Apple Technical Briefing: Scientific computing and the Intel transition

[Title link goes to my Oxford homepage, where you can grab a PDF of my slides and notes]

So yesterday was the UKUUG/Apple tech briefing on the Intel transition. Talking to Eric (Albert, Apple Core OS group) and listening to his talk was very interesting, and gave me new and unexpected insights into the whole business of the transition.

Essentially, the fact that [[NeXT|OPEN]Step|Rhapsody] was already ported to Intel platform hardly helped at all. Or maybe that should be "what Apple did to support the Intel port hardly helped at all", though whether they were right or wrong to use it as they did is not the subject of this post. The reasons are manifold, but largely come down to the fact that technology's moved on.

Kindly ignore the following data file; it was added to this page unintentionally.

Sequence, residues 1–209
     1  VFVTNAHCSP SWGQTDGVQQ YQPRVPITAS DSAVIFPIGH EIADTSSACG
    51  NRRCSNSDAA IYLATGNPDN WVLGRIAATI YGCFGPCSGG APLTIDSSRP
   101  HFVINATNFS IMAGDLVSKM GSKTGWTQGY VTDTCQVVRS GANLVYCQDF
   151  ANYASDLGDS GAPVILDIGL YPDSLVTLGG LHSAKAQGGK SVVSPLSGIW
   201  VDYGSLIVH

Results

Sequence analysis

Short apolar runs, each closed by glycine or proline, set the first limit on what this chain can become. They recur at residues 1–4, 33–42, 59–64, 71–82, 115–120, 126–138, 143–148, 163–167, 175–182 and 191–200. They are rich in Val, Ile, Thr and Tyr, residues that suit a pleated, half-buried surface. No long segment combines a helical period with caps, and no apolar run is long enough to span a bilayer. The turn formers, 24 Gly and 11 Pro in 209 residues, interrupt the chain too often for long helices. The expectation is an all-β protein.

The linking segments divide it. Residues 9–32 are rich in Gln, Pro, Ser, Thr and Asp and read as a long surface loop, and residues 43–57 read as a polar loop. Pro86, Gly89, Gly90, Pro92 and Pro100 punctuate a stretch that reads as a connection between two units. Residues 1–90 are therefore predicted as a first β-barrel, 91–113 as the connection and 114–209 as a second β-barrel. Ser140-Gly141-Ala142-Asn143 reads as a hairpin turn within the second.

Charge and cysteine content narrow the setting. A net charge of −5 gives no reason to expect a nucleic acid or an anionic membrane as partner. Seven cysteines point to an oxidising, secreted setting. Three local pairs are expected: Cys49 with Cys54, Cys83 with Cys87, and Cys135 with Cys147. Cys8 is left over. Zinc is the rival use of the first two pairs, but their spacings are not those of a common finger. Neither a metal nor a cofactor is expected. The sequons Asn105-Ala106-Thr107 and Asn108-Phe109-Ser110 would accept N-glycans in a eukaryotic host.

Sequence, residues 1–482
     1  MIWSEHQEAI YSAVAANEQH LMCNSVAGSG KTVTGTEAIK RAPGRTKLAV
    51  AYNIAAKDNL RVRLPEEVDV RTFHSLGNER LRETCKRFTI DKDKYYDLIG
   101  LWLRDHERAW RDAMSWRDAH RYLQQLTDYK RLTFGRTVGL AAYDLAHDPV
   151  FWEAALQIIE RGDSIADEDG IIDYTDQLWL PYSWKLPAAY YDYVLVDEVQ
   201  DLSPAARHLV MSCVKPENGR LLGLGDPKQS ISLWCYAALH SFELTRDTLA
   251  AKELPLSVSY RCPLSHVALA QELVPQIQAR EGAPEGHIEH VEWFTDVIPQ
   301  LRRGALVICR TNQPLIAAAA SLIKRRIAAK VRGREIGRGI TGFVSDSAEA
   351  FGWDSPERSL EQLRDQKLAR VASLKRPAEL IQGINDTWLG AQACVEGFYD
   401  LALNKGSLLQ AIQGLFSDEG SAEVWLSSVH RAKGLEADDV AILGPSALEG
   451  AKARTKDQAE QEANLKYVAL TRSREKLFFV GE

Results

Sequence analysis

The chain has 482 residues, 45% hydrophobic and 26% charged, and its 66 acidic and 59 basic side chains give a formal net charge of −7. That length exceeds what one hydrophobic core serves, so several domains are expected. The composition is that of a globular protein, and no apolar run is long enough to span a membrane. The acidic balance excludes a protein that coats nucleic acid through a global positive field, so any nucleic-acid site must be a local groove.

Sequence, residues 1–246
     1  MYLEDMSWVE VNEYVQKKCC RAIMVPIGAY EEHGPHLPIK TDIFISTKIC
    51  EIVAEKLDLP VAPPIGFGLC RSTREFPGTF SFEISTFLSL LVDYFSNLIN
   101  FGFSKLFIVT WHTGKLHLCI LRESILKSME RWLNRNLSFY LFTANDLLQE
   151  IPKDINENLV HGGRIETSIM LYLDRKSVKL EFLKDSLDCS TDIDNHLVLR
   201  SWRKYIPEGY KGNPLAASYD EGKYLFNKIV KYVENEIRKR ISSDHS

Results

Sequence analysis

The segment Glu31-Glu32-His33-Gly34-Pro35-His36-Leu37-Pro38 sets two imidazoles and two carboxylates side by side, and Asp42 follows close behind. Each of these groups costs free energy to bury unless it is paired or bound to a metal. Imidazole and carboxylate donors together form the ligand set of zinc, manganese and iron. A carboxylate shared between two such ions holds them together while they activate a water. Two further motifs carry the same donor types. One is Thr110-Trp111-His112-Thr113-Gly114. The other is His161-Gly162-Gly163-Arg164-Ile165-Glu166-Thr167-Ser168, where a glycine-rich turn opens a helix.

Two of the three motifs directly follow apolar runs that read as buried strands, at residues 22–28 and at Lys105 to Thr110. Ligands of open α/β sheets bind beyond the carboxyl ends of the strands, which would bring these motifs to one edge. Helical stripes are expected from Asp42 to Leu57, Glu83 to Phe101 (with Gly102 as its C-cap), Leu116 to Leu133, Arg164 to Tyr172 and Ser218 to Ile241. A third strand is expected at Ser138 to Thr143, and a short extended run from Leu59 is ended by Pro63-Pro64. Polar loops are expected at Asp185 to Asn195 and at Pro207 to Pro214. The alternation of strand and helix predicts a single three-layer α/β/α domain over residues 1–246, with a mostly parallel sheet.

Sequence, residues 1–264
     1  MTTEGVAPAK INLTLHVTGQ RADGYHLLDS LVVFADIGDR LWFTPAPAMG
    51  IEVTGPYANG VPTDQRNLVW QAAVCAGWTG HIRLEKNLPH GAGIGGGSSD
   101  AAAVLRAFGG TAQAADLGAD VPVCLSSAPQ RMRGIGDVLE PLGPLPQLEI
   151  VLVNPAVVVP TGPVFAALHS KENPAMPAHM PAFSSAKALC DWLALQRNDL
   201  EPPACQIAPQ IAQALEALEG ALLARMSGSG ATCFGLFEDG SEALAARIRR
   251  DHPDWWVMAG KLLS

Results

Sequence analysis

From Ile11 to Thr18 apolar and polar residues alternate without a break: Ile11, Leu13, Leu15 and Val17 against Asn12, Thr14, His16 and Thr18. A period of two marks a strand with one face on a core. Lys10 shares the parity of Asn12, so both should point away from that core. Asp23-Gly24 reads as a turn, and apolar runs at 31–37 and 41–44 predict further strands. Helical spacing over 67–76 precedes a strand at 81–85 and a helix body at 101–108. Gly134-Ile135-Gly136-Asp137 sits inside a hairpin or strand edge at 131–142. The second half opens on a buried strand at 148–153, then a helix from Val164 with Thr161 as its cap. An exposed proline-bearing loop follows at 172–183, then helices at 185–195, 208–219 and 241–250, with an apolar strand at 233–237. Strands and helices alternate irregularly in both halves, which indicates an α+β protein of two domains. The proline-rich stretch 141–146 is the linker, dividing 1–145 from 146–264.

Porting a UNIX - especially Mach, which has been seen on so many architectures already - to a new platform these days is a trivial exercise, with a small team of engineers who know the platform well you could probably get up to single-user mode in a couple of days, and have a multi-user networked platform up and running in a matter of weeks. Apple pretty much went back to the starting blocks on the OS X Intel port, because so much of the existing Intel port was obsolete. Even Darwin/x86 (as was) didn't help here, because although Darwin/x86 and "the Darwin in Intel OS X" target the same architecture, they're different operating systems on different platforms. None of the existing IOKit drivers are for hardware that's contained in an Intel Mac (in fact, OpenStep/Rhapsody didn't use IOKit at all, let alone the fact that no-one wrote an AirPort Extreme driver for them). The processors which OpenStep and Tiger target are completely different - for instance, Tiger doesn't hit the floating point unit at all but instead uses the vector engine's floating point support; this effectively means compiling for a different CPU. Even the bootloader has to be different, to speak with EFI instead of the legacy BIOS.